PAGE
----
with product_types as (
select * from {{ ref('stg_product_types') }}
),

with orders as (
select * from {{ ref('stg_orders') }}
),


final as (
select product_types.product_type_code as product_type_code,
product_types.product_type_description as product_type_description,
coalesce(sum(orders.items_ordered), 0), as total_orders

from product_types
left join orders using (orders.product_type)
where orders.order_date between '{{ var("start_date") }}' and '{{ var("end_date") }}'
)

select * from final

Lastly, to return a comma-generated list of all the fields in the dim_total_orders_product_type model from clause, we must call the dbt_utils.star macro. The code is as follows:

select
{{ dbt_utils.star(from=ref('dim_total_orders_product_type'), except=["product_type_description"]) }}
from {{ ref('dim_total_orders_product_type') }}

And dbt_utils.star ran, the output returned is:

product_type_code,total_orders

As noted in this macro's description, the different arguments return different outputs. Therefore, for the sake of completeness, let's look at a few of the available combinations and their results:

select
{{ dbt_utils.star(from=ref('dim_total_orders_product_type')) }}
from {{ ref('dim_total_orders_product_type') }}

This SQL returns all the available columns in the dim_total_orders_product_type model; namely, product_type_code, product_type_description, and total_orders.

The next SQL statement to add a prefix to each column name is as follows:

select
{{ dbt_utils.star(from=ref('dim_total_orders_product_type'), prefix="final_") }}
from {{ ref('dim_total_orders_product_type') }}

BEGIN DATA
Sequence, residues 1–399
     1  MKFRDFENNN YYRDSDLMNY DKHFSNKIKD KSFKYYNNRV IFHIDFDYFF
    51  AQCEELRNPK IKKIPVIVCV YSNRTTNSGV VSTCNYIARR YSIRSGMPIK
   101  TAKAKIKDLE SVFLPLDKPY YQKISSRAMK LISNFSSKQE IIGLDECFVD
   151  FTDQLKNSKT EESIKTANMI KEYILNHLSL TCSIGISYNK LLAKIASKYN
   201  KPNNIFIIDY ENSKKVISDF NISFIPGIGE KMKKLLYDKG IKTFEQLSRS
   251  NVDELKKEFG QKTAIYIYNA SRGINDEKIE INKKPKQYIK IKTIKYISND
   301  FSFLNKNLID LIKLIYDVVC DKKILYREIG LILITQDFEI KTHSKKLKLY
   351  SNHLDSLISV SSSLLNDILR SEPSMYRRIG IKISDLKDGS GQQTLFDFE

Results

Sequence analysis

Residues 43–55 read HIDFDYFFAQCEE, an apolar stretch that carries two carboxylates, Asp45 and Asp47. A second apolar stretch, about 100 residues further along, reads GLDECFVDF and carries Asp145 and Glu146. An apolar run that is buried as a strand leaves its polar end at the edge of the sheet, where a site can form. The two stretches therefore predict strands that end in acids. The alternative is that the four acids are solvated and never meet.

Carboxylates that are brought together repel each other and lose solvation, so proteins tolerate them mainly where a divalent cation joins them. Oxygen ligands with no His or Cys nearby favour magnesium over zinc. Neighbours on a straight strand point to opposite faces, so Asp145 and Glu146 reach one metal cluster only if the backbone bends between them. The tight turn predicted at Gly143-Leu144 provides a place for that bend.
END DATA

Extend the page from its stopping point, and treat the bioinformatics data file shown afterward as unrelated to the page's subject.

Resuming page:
And the results returned are:

final_product_type_code,final_product_type_description,final_total_orders

Lastly, the same principle applies to adding a suffix to the returned column names:

This SQL statement to add a prefix to each column name is as follows:

select
{{ dbt_utils.star(from=ref('dim_total_orders_product_type'), except=["product_type_description"], suffix="_final") }}
from {{ ref('dim_total_orders_product_type') }}
product_type_code_final,total_orders_final

dbt_utils.date_spine

This second example shows how to consume the dbt_utils.date_spine macro's source code as taken from hub.getdbt.com, generating the SQL code needed to build a date spine.

{{ dbt_utils.date_spine(
datepart="day"
start_date="to_date('01/01/2016', 'mm/dd/yyyy')",
end_date="dateadd(week, 1, current_date)"
)
}}

When run, this SQL statement uses the dbt_utils.date_spine macro to create a date spine view. In summary, it creates a view of days, one row per day, from 01 January 2021 until 1 January 2022.

fct_date_spine_view.sql
{{
config(
materialized = 'view',
)
}}

{{ dbt_utils.date_spine(
datepart="day",
start_date="to_date('01/01/2021', 'mm/dd/yyyy')",
end_date="to_date('01/01/2022', 'mm/dd/yyyy')"
)
}}

dbt_utils.surrogate_key

A third and last example is a macro to create a surrogate primary key from a list of columns in a model. For instance, let's assume that we want to create a model that returns the number of orders per product type per day between a start date and end date from the staging model (stg_product_orders). This model's SQL is as follows: